His email is tim@arroyoseco.org.

Finally, to get a taste of what fishing used to be like here, I’m rerunning my 2014 review of historian Tom Tomlinson’s excellent book, ““Against the Currents: The Unlikely Story of the Southern California Steelhead” below.

***

If you think you’ve finished your summer reading list, stop! Consider one more book, please.

“Against the Current, The Unlikely Story of the Southern California Steelhead” could not, in truth, be a more unlikely tale. Author Tom Tomlinson takes the reader on an environmental roller coaster ride that matches our region’s boom-or-bust water supply, and throws in plenty of human Greek drama.

Beautiful color on this trout, which was released, unharmed, back to the water. (Jim Burns)

What just over a 100 years ago was a region so pristine that Easterners came here to mend their health, through hunting, fishing and soaking up the sunshine, quickly turned into what we have today. As someone who has lived here for over 30 years with no plans of leaving, I’m not complaining, but when you read this book and realize what it once was — especially if you enjoy fly fishing the San Gabes — well, get our your handkerchief.

Sob.

One fact to prime the tears: In the early 1900s, the then-equivalent of the California Dept. of Fish and Wildlife set the limit of fish taken at … 100. If you’ve ever put boots to dirt and fly to water in our mountains, this should give you a chill. Guests at the local fishing camps regularly hauled in lots of rainbows, and, yes, steelhead. And they hauled, and they hauled and they hauled. Think buffalo in the plains states.

How we got from those abundant fishy beginnings to where we are today is a story of good intentions gone to greed, it’s about that simple.

As for the steelhead once again taking center stage as we enter the Great Los Angeles River Rebuilding, well, this magnificent creature needs our help to get off the endangered species list.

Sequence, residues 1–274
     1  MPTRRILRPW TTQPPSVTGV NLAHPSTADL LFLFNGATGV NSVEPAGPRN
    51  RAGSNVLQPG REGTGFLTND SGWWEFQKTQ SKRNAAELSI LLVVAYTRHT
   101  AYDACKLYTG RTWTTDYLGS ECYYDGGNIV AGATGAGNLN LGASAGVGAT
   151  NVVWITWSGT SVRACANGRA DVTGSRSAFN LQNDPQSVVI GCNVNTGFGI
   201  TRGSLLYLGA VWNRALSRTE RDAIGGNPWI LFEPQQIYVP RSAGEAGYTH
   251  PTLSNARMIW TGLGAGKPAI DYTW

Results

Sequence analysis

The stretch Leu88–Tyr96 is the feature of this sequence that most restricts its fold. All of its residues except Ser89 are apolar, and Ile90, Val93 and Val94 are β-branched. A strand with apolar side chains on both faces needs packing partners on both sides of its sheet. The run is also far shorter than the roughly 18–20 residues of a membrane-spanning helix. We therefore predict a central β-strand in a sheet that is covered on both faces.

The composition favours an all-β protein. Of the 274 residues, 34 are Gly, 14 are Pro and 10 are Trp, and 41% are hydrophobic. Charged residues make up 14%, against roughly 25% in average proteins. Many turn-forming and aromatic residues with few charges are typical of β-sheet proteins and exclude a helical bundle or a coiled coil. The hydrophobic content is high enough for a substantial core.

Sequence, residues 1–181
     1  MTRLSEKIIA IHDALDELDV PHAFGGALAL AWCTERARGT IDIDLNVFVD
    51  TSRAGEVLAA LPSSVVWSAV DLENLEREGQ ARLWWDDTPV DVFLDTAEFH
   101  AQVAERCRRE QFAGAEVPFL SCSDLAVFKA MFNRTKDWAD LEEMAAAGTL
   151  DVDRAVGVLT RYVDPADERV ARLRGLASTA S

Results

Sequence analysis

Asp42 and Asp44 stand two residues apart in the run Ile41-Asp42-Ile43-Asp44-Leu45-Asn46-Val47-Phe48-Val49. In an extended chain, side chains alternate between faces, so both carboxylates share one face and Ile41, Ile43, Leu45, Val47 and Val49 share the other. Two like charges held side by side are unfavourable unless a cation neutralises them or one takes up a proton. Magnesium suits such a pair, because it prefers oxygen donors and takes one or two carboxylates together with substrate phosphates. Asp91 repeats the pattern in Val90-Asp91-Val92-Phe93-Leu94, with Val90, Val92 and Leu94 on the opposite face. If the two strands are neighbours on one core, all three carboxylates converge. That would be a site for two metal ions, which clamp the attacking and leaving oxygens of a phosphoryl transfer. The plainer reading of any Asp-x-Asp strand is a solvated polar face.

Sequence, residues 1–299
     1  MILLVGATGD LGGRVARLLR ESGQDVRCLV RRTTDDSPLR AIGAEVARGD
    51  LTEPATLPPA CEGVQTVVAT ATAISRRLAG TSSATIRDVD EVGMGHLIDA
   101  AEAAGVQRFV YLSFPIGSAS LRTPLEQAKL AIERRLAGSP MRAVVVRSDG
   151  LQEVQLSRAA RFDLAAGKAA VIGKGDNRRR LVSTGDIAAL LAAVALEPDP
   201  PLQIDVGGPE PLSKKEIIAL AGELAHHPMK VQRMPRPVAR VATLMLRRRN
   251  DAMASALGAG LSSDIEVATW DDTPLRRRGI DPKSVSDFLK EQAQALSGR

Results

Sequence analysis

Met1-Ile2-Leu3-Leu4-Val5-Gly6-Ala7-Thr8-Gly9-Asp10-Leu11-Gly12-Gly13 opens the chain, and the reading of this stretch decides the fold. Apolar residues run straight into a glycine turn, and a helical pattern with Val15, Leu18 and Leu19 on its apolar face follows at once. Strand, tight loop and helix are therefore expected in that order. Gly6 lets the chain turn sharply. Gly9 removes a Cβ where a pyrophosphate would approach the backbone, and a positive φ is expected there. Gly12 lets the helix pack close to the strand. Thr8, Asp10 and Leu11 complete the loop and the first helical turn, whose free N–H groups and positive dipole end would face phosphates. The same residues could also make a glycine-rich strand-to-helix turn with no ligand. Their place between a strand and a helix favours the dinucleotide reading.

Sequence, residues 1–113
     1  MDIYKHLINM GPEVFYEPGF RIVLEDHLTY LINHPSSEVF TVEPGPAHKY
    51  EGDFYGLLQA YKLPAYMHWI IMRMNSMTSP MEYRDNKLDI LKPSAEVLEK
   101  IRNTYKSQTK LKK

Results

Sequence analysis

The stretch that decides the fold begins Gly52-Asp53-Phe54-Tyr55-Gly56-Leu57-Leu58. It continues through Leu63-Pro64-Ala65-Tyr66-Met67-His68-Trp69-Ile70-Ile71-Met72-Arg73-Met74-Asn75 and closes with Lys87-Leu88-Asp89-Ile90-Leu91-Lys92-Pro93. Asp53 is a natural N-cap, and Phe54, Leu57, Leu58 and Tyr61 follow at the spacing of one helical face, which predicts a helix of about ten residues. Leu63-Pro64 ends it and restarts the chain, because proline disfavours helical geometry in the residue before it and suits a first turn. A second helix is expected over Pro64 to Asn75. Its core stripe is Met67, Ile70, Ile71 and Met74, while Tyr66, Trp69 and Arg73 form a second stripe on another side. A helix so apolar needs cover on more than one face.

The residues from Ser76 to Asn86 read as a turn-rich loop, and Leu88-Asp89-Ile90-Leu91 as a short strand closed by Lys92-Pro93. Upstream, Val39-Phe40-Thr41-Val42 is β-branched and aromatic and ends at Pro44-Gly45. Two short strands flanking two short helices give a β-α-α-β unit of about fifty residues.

When Congress approves the billion bucks for a river makeover early next year (Update: As of this writing three years later, the federal money hasn’t arrived), I hope every politician, every engineer and every investor gets a copy of this book. They should look up the section on one Henry O’Melveny, lawyer, fishing advocate, Creel Club founder, ice plant owner and, sadly, leader of the pack that done the natural inhabitants of our erratic rivers and streams in. Indeed, he is a figure as defining of Greek tragedy as Oedipus or Agamemnon.

Fast forward to today, and a mayor who is bringing in major bucks from Washington for the river as well as public transportation. I hope that Mayor Eric Garcetti reads this slim volume. It is the most compelling work to date on why the natural habitat can’t take a backseat to our own urban comfort zone. That story already happened.

See you on the river, Jim Burns

Calendar Item: Find out the latest ‘trout scout’ news on Wednesday

Update: The Arroyo Seco Foundation has recently received a $50,000 grant from the National Fish and Wildlife Foundation to determine the best stream conditions for introducing trout, according to the Pasadena Star-News . 

Tim Brick, the foundation’s managing director, adds:

“We’re still look for trout, but the stream is below 1 cubic feet per second again. We need to identify the pools and resting spots where the trout are hiding. Probably Bear Canyon is the most likely spot. Anyone care to go on a trout scout adventure?”

His email is tim@arroyoseco.org.

Finally, to get a taste of what fishing used to be like here, check out historian Tom Tomlinson’s excellent book, ““Against the Currents: The Unlikely Story of the Southern California Steelhead.”

See you on the river, Jim Burns

Did the trout survive the drought?
What is the history of fish in the Arroyo?
What is the potential for native fish restoration?
What is the current restoration program?
Fish or Concrete — What’s the Future?